California Tax Revolt, 40 Year On

1101780619_400I was in high school and still remember the Time Magazine cover with Howard Jarvis.  I remember thinking he was a scary looking guy, but lookking at it today he seems less so.  I am not sure if I have changed or if public figures have. Maybe a little of both.

I did live briefly in the Bay Area and saw the high real estate prices and heard the complaints about taxes.  Yet the schools and infrastructure were looking pretty strained by the time I got there in the late 1990s. People told me it was all because of “Prop 13“, the tax revolt in the late 1980s that limited increases in property taxes.

All this was true, but the bit I didn’t learn until another decade later was that commercial rates were essentially frozen since 1987.  That is 40 years without a tax increase in commercial properties.  When I originally heard this I didn’t think it could be true.  A google turned up nothing but articles about how bad it would be to raise taxes on job creating businesses (thanks google) like this nonsense written by a commercial real estate broker in the Orange County Register:  How would splitting Prop. 13’s tax rolls affect California’s commercial real estate?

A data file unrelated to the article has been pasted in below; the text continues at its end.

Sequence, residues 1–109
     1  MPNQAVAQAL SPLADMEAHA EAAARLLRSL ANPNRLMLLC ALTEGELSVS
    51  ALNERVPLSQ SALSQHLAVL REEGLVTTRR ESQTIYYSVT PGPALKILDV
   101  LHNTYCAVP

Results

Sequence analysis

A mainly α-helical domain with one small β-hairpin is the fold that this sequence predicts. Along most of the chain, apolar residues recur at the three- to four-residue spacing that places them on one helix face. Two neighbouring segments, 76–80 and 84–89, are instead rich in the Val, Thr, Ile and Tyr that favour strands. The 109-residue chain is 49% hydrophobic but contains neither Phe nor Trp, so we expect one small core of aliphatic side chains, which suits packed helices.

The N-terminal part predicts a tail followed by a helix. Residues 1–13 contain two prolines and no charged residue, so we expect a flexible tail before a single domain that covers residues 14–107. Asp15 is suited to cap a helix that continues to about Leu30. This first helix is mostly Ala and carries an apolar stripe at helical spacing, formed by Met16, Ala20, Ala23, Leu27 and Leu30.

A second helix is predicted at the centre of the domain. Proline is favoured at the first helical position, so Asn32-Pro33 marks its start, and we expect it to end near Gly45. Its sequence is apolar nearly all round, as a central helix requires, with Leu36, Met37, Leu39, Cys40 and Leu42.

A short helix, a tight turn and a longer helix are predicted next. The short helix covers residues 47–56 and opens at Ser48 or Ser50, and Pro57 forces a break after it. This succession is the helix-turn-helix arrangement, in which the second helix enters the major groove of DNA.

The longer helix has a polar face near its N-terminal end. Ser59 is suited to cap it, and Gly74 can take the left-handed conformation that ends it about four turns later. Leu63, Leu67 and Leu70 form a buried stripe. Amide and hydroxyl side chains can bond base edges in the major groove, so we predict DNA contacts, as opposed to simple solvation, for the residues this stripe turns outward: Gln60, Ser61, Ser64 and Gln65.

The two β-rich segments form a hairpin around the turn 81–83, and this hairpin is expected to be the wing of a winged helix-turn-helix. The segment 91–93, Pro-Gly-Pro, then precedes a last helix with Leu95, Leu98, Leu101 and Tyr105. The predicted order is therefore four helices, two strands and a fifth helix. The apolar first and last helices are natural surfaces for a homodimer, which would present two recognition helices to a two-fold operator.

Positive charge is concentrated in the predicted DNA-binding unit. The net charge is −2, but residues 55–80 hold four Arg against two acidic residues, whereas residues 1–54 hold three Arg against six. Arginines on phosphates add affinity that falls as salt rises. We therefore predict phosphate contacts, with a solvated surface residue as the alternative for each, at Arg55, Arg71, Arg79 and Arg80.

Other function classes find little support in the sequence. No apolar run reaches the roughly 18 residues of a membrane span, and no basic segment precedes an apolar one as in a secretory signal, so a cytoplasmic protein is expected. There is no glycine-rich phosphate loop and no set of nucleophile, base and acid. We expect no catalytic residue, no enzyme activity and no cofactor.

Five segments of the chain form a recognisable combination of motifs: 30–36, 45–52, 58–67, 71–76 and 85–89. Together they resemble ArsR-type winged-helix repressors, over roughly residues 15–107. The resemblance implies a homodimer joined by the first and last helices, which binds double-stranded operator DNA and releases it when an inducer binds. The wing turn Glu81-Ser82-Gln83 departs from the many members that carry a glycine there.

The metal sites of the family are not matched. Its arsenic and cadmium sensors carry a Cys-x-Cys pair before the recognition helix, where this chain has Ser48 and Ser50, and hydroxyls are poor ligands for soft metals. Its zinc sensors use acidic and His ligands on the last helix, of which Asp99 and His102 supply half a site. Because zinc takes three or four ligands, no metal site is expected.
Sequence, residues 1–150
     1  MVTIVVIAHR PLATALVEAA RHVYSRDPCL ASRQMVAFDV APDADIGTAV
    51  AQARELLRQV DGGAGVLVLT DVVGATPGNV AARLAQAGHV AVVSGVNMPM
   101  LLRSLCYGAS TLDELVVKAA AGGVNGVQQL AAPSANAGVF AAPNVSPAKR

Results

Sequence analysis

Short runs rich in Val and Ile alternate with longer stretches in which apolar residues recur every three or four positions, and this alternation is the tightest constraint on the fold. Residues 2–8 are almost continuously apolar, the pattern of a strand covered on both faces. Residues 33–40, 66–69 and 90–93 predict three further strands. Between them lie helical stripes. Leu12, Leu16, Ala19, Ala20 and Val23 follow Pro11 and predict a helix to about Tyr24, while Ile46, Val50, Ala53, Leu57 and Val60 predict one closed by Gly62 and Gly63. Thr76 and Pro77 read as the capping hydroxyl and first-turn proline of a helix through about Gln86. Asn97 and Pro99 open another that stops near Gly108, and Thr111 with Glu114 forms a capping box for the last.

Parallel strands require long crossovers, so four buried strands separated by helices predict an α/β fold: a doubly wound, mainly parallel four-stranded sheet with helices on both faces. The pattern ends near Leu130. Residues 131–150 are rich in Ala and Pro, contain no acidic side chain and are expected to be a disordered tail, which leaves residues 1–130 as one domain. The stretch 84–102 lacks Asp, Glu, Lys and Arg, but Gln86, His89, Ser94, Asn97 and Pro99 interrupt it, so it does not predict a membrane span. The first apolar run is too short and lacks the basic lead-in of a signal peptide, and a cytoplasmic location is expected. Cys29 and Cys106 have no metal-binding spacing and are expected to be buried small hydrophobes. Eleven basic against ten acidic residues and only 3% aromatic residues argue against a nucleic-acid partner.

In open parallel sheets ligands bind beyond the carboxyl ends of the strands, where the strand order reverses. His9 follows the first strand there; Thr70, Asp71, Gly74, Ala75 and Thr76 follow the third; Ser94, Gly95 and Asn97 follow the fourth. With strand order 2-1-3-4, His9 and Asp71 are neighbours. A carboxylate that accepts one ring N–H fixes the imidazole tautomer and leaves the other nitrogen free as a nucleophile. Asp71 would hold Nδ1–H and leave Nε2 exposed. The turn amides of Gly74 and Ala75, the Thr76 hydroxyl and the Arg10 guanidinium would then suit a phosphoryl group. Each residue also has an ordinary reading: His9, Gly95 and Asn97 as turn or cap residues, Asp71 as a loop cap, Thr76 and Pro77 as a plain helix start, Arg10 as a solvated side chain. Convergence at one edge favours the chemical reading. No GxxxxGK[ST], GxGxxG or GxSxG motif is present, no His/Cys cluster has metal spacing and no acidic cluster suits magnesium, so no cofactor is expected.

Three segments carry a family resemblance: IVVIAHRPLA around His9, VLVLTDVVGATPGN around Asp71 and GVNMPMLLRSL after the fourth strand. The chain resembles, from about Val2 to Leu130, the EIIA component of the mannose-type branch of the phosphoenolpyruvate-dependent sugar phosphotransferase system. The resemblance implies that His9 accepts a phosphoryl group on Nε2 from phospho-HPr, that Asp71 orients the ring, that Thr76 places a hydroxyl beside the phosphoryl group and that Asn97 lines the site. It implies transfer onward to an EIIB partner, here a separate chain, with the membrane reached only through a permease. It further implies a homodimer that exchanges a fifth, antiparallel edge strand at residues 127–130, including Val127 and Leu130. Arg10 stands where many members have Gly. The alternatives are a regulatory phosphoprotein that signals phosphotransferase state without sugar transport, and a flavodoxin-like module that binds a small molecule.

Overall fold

An article from the San Francisco Chronicle from late 2017 explains it all a bit better (but not completely, as I understand the loophole — and surely the costs are higher than $9b a year).  So this is how “reform” goes, at least in modern Tax Cutting Conservative America. Read it and weep, especially if you are in California.  I am sure there are similar “loopholes” (can you really call this a “loophole”?) in other places, especially here in Texas.  The upshot is the “little guy” pays more and gets less.  So much for grass roots, populist revolutions.

Close the Prop. 13 commercial property tax loophole

“California’s property tax system is broken. Nowhere is this more apparent than in Prop. 13’s corporate tax loophole. Big corporations such as Chevron are able to take advantage of protections that should be reserved for small businesses, homeowners and renters. These big corporations are paying taxes on property valued at the same amount it was in 1978 — 40 years ago! Meanwhile, startups and newer companies sometimes pay 10 to 20 times higher property tax for identical properties.”

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